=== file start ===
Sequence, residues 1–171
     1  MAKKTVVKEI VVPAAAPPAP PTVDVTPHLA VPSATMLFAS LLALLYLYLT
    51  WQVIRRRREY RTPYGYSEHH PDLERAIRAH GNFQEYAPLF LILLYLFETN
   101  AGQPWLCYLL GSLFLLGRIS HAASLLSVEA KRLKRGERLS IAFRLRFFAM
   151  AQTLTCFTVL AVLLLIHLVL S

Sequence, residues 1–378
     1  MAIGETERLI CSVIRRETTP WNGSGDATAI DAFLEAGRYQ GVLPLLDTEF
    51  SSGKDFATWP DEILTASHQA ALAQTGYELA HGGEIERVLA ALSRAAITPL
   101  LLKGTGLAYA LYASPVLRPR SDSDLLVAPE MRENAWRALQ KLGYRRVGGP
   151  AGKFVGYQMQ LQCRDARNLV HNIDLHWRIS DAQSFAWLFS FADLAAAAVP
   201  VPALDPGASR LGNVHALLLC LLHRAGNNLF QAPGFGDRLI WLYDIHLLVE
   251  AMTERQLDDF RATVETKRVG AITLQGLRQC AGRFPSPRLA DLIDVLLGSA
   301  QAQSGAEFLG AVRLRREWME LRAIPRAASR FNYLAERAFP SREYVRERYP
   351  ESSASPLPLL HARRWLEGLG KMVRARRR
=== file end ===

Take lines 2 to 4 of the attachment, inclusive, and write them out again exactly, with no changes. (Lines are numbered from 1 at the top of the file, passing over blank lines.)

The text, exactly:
     1  MAKKTVVKEI VVPAAAPPAP PTVDVTPHLA VPSATMLFAS LLALLYLYLT
    51  WQVIRRRREY RTPYGYSEHH PDLERAIRAH GNFQEYAPLF LILLYLFETN
   101  AGQPWLCYLL GSLFLLGRIS HAASLLSVEA KRLKRGERLS IAFRLRFFAM